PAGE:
Step 1: Find out about the SNFs in your area.
- Look at Caregiver Directory. You can find a list of all the nursing homes in your area and general information about every Medicare- and Medicaid-certified nursing home in the country. It includes nursing home inspection results, the number of nursing staff, and resident information. Call the nursing home to find out if it provides skilled care. If you don't have a computer, your local library or senior center may be able to help you.
- If you are in the hospital, ask the hospital's discharge planner or social worker for a list of local nursing homes. They may help you find an available bed. Some SNFs work together with hospitals, and some are independent.
- Visit or call your local social service agency or hospital. Ask to speak to a social worker or case manager who can help you find a SNF in your area.
- Ask people you trust, like your doctor, family, friends, neighbors, or clergy if they have had personal experience with SNFs. They may be able to give you the name of a SNF where they had a good experience.
- Call your Area Agency on Aging. Their telephone number should be listed in your local telephone book. This agency can give you information about the SNFs in your area. You can get the telephone number of your local Area Agency on Aging by looking at www.aoa.gov on the web. Select "About AoA and the Aging Network." Then select "Area Agencies on Aging."
Step 2: Find out how SNFs compare in quality of care.
Quality of care means doing the right thing, at the right time, in the right way for the right person, and having the best possible results. SNFs are certified to make sure they meet certain Federal health and safety requirements.
- Ask friends and other people you know if they are or were satisfied with the quality of care.
- Call the local office of consumer affairs for your state. Ask if they have information on the quality of SNFs (look in the blue pages of your telephone book for their telephone number).
- Call your State health department. Ask if they have information on the quality of SNFs (look in the blue pages of your telephone book for their telephone number).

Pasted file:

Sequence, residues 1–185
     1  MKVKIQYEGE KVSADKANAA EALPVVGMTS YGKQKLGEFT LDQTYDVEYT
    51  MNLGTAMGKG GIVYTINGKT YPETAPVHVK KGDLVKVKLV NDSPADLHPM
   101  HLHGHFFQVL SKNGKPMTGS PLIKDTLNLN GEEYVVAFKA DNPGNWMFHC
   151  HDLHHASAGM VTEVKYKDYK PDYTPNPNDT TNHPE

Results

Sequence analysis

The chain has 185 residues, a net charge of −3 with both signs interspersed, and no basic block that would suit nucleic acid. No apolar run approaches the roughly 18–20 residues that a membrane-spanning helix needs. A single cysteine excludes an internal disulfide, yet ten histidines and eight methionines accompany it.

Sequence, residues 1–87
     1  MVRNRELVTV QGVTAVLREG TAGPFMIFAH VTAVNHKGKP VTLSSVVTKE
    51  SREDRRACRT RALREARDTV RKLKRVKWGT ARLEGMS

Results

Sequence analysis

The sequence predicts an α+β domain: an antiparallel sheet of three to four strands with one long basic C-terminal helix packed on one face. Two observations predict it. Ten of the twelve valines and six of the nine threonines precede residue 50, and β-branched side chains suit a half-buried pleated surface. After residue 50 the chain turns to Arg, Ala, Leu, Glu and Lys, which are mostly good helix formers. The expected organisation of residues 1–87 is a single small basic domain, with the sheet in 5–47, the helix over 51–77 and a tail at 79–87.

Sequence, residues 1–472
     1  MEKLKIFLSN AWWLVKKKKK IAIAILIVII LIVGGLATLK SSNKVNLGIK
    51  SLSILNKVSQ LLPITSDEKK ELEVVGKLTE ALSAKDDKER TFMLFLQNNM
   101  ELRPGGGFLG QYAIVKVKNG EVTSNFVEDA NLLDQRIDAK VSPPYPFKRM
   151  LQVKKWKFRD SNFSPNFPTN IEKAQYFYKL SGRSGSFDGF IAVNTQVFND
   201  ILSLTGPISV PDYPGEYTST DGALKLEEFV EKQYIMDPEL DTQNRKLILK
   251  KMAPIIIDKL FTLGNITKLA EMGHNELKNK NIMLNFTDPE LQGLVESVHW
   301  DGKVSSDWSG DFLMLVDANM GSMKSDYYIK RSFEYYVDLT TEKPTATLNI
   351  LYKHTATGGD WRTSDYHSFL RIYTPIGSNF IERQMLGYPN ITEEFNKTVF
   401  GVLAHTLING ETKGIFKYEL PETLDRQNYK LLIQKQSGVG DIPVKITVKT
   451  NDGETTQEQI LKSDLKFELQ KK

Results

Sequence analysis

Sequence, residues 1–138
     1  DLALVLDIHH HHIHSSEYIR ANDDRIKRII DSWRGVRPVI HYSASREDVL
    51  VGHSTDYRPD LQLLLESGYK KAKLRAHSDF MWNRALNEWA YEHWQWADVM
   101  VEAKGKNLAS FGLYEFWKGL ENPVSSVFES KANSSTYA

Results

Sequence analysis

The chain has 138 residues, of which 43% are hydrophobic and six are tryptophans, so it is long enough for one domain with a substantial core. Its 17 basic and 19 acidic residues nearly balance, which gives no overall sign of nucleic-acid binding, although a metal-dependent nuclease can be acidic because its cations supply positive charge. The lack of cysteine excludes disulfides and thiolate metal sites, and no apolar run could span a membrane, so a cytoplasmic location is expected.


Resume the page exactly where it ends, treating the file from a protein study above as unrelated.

- Call your Long-Term Care Ombudsman. The Ombudsman program helps residents of SNFs solve problems by acting on their behalf. Ombudsmen visit SNFs and speak with residents throughout the year to make sure residents' rights are protected. They are a very good source of general information about SNFs and can work to solve problems with your care, including financial issues. They may be able to help you compare the SNF's strengths and weaknesses. Ask them questions like how many complaints they have gotten about a SNF, what kind of complaints they were, and if the problems were resolved.
Step 3: Visit the SNFs you are interested in, or have someone visit for you.
Before you make a decision, visit the SNFs you are interested in. A visit gives you the chance to see the residents, staff, and facility. It also allows you to talk with SNF staff, and with the people who live and get care at the SNF and their family members. Be sure to call and make an appointment to tour the SNF before you visit.
If you can't visit the SNF yourself, you may want to get a family member or friend to visit for you. If a family member or friend can't visit for you, you can call for information. However, a visit gives you a better way to see the quality of care and life the residents get.